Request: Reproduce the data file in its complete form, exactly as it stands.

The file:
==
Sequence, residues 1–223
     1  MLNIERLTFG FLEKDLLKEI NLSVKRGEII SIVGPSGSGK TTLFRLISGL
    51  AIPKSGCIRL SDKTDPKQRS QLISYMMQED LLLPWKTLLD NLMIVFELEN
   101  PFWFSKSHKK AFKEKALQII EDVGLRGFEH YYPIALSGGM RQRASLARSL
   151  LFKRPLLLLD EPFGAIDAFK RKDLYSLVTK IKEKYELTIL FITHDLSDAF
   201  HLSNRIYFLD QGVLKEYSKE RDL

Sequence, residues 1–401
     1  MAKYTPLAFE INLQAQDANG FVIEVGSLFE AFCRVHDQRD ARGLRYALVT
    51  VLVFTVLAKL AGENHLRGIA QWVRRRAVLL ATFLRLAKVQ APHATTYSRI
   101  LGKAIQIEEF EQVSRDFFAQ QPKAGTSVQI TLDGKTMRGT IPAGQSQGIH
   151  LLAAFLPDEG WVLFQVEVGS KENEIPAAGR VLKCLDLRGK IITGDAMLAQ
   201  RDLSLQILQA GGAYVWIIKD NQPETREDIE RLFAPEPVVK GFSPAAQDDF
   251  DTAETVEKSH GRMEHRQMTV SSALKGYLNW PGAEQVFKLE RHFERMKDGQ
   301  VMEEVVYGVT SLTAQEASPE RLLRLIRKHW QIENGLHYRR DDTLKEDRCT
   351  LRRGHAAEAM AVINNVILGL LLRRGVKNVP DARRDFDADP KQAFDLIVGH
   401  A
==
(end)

Sequence, residues 1–223
     1  MLNIERLTFG FLEKDLLKEI NLSVKRGEII SIVGPSGSGK TTLFRLISGL
    51  AIPKSGCIRL SDKTDPKQRS QLISYMMQED LLLPWKTLLD NLMIVFELEN
   101  PFWFSKSHKK AFKEKALQII EDVGLRGFEH YYPIALSGGM RQRASLARSL
   151  LFKRPLLLLD EPFGAIDAFK RKDLYSLVTK IKEKYELTIL FITHDLSDAF
   201  HLSNRIYFLD QGVLKEYSKE RDL

Sequence, residues 1–401
     1  MAKYTPLAFE INLQAQDANG FVIEVGSLFE AFCRVHDQRD ARGLRYALVT
    51  VLVFTVLAKL AGENHLRGIA QWVRRRAVLL ATFLRLAKVQ APHATTYSRI
   101  LGKAIQIEEF EQVSRDFFAQ QPKAGTSVQI TLDGKTMRGT IPAGQSQGIH
   151  LLAAFLPDEG WVLFQVEVGS KENEIPAAGR VLKCLDLRGK IITGDAMLAQ
   201  RDLSLQILQA GGAYVWIIKD NQPETREDIE RLFAPEPVVK GFSPAAQDDF
   251  DTAETVEKSH GRMEHRQMTV SSALKGYLNW PGAEQVFKLE RHFERMKDGQ
   301  VMEEVVYGVT SLTAQEASPE RLLRLIRKHW QIENGLHYRR DDTLKEDRCT
   351  LRRGHAAEAM AVINNVILGL LLRRGVKNVP DARRDFDADP KQAFDLIVGH
   401  A